Jessica Stockholder’s work greets me before she does. Colorful and vibrant, it illuminates the dark gray exterior of Kavi Gupta Gallery’s Elizabeth Street location. Just inside the doors, Stockholder stands chatting with a group of people. Excusing herself, she shakes my hand and offers me a list of works. “Go have an experience,” she says with a twinkle in her eyes.
Bright blocks of paint line the walls and kiss the ceiling, creating a jovial pathway that leads me from the gallery’s compressed entrance into its expansive exhibition space. Clinging to the walls and standing freely on the floor, Stockholder’s work fills the gallery with a sense of frozen freneticism. Eight large door panels coated in paint, bark, sheepskin, vinyl and copper lean in a jagged row, while elsewhere painted metal structures clamp onto a piano, creating a bright and abstract monument out of an otherwise black and white instrument.
Stockholder joins me in the gallery to walk me through the show. “This piece starts outside, it’s called ‘A Log or a Freezer’,” she says while motioning back toward the entrance and across the front wall, where yellow, red and gray paints swirl upwards toward a large freezer mounted high above our heads. “I’ve made this type of work for many years,” she continues. “It’s related to site, and it can’t be separated from where it is.”
A renowned artist who has been actively exhibiting since the 1980s, Stockholder is best known for her signature abstract sculptures within which she pairs and positions everyday objects and materials with colorful paint to create bold, three-dimensional abstractions that challenge viewers to investigate her work—and the world—from different perspectives. Consistent in concept and always brimming with color, Stockholder’s work has placed her on the map as one of the most important contemporary sculptors living today.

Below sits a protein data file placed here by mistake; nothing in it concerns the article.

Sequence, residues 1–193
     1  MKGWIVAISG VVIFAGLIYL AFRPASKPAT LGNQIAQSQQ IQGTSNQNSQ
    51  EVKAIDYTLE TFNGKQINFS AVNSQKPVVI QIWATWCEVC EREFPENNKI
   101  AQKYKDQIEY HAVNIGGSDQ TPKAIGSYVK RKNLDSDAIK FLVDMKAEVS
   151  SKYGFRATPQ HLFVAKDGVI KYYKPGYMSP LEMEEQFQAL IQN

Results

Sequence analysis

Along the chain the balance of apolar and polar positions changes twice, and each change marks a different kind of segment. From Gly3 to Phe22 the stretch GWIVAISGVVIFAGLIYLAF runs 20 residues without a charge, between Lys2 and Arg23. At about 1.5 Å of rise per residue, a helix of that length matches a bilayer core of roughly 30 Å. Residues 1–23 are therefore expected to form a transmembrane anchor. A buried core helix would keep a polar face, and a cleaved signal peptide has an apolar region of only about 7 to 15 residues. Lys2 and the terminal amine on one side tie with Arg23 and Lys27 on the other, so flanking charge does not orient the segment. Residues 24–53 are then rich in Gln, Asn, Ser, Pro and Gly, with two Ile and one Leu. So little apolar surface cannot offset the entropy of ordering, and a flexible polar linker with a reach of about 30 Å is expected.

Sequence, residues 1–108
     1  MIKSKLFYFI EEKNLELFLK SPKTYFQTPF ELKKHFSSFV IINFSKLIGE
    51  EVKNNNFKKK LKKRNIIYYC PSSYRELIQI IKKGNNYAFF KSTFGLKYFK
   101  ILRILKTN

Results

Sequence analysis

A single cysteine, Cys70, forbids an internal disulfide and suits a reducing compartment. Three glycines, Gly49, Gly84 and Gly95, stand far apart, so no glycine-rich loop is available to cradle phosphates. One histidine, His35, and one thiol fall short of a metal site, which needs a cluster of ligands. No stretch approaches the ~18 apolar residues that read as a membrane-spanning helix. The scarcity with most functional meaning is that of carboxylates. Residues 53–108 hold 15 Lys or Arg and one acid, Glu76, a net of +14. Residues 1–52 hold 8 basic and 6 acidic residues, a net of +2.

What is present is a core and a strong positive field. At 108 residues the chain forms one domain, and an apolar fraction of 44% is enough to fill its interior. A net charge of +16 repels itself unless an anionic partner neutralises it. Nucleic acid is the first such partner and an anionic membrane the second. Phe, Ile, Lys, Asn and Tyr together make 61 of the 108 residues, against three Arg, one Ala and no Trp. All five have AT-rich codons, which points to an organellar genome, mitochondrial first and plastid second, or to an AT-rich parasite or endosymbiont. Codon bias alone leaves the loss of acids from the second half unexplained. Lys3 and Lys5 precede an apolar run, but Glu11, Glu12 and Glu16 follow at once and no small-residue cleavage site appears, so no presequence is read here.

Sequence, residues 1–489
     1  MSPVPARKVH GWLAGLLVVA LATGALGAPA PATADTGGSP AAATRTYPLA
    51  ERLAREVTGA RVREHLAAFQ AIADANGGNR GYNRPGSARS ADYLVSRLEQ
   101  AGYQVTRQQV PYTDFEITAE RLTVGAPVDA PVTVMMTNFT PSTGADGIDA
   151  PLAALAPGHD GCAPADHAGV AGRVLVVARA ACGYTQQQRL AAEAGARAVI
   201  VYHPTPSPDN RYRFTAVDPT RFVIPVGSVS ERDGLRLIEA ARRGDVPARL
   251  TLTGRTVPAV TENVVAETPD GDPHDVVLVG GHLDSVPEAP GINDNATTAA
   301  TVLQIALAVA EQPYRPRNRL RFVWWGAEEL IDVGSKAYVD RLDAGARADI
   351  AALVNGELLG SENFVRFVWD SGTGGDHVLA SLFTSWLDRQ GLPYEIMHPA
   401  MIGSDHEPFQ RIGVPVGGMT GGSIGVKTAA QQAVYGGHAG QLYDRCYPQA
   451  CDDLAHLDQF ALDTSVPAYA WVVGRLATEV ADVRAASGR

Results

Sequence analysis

As we navigate the gallery, her calm and soft-spoken demeanor creates an intriguing juxtaposition to the outgoing and intrepid nature of the exhibition. Smiling often, she pauses in front of each piece to rest her fingertips lightly on the work as she introduces it. Faint music plays from the stairwell, where a video plays above a Sol LeWitt sculpture. Upstairs, Stockholder has curated an exhibition that pairs her own art with that of sixteen other artists. This fall, her work also appears at EXPO Chicago, the Smart Museum of Art (another site-specific installation) and mk The Restaurant.
“The work is a type of experience, and while I hope people understand it in different complexities, I don’t dictate what they should take from it,” she tells me. With a twelve-year tenure as Yale University’s Director of Graduate Studies in Sculpture and the current Chair of the University of Chicago’s Department of Visual Arts, Stockholder wields great academic prowess—yet she repeatedly invites viewers to develop their own interpretations of her sculptures. “I can say whatever I want about the work, but if you don’t have a personal experience with it then what I have to say is irrelevant.” (Maria Girgenti)
This fall, Jessica Stockholder shows works at Kavi Gupta, 219 North Elizabeth, the Smart Museum of Art, 5550 South Greenwood, and mk The Restaurant, 868 North Franklin.
Elliot J. Reichert is a Chicago-based curator, critic, and editor. He is a currently Curator of Contemporary Art at the Eskenazi Museum of Art, Indiana Unversity, and Hatch Projects Curatorial Resident at the Chicago Artist Coalition. Formerly, he was Art Editor of Newcity and Assistant Curator at the Block Museum of Art, Northwestern University. His writing has been published in The Brooklyn Rail, the Journal of Visual Culture, and Newcity.